Hello all and Thank You for what seems to be a very real discussion!
I have read several posts by partners who seem completely exhausted by their marriages and I want to say that I have been there, too. However, I believe that there are degrees. In my case, I left a nine-year relationship (that I considered a marriage) because of issues that may not be attributable to my (then husband's) diagnosis of ADHD. He was diagnosed with ADHD when we had been together about 6 years. There are a lot of issues here that I have tried to deal with and most are outside of the scope of this forum.
The more pressing issue for me is that I am currently in love with a man who has ADD. I had been celibate for about 8 years (for various reasons) when I met him and have met many attractive persons of both genders during that time (I am bisexual).
This guy is so special. I can see us being together. He is on Adderall and also on Wellbutrin. He also takes a heart medication for (what he has been told) are the side effects of Adderall. His relationship history is complicated, but the mother of his daughter is in his life and I respect that. He does exhibit some symptoms of ADD, but they seem mild to me.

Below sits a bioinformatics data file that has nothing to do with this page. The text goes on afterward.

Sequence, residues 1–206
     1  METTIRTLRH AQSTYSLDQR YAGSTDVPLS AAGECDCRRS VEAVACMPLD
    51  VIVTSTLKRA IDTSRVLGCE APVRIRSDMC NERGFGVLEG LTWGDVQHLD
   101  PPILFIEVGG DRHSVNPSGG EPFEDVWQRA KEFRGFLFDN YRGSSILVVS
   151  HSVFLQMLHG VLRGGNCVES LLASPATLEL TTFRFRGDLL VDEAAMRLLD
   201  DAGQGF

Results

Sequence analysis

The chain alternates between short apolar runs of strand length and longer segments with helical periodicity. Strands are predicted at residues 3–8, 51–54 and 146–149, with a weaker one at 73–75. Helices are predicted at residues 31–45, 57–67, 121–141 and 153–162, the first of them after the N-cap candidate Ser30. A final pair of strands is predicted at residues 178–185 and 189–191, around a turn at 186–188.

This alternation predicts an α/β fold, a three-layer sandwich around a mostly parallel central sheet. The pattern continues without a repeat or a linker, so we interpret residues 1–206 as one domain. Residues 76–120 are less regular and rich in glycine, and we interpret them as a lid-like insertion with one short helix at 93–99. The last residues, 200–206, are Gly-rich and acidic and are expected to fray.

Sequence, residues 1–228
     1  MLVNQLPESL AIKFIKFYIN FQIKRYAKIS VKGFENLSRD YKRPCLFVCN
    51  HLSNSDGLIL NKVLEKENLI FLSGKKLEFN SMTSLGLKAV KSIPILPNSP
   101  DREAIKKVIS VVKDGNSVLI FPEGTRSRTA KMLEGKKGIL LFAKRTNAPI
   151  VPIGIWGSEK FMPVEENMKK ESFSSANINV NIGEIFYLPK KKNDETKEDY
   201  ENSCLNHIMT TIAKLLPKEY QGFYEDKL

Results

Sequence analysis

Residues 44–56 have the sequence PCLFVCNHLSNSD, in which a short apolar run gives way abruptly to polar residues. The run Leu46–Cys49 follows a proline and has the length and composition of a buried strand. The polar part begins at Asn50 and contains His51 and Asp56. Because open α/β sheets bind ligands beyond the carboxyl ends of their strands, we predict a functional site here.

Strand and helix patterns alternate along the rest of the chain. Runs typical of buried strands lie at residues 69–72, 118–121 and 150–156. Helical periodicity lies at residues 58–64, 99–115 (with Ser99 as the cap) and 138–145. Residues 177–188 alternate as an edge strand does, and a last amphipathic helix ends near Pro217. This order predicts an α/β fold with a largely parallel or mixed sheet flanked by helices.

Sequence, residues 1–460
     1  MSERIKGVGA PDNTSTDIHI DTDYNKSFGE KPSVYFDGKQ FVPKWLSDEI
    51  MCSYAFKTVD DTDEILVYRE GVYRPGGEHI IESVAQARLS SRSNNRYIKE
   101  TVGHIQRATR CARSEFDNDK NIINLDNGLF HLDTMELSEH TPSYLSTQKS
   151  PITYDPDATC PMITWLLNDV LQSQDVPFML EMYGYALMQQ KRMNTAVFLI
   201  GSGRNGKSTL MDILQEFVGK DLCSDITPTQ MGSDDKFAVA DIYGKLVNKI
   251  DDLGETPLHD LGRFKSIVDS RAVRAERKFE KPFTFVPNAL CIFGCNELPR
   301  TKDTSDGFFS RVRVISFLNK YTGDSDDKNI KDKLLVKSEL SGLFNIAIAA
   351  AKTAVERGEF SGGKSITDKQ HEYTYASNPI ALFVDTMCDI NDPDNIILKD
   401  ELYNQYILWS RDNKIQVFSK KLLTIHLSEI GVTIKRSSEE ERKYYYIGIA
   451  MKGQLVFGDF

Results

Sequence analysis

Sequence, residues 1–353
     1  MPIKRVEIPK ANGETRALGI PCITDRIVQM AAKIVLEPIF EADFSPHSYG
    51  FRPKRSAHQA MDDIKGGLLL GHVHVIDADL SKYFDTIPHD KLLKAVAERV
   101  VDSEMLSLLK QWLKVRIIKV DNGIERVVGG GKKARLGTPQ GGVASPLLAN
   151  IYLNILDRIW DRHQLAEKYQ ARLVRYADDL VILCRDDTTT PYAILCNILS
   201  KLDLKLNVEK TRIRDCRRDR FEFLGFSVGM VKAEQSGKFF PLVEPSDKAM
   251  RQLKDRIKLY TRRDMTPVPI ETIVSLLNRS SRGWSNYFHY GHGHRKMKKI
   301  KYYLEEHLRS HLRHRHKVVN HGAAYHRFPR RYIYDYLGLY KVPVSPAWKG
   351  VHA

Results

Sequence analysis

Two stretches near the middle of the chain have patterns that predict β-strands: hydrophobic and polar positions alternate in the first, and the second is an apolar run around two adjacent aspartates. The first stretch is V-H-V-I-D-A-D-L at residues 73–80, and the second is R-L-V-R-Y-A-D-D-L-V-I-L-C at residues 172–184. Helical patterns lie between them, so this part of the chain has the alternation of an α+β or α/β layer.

He does not seem to have signs of hyperactivity. For example, people on the forum talk about "hyperfocus" during the courting stage. I have not experienced this with my friend. The physical intimacy is so relaxed. I feel more comfortable with him, sexually, than with any partner I have ever had. I adore this man. I never thought I would care for anyone in this way, ever again.
One complicating factor is that we are both members of the same profession and we met at work. I can't say I respect his reputation, although he means so much to me on a personal level. To be frank, I worry that he will loose his professional status and thus his ability to earn enough to support his daughter and his ex-wife. Perhaps that will have a minimal impact on me, financially, but the impact on our relationship could be huge if he looses his independence and his self-respect.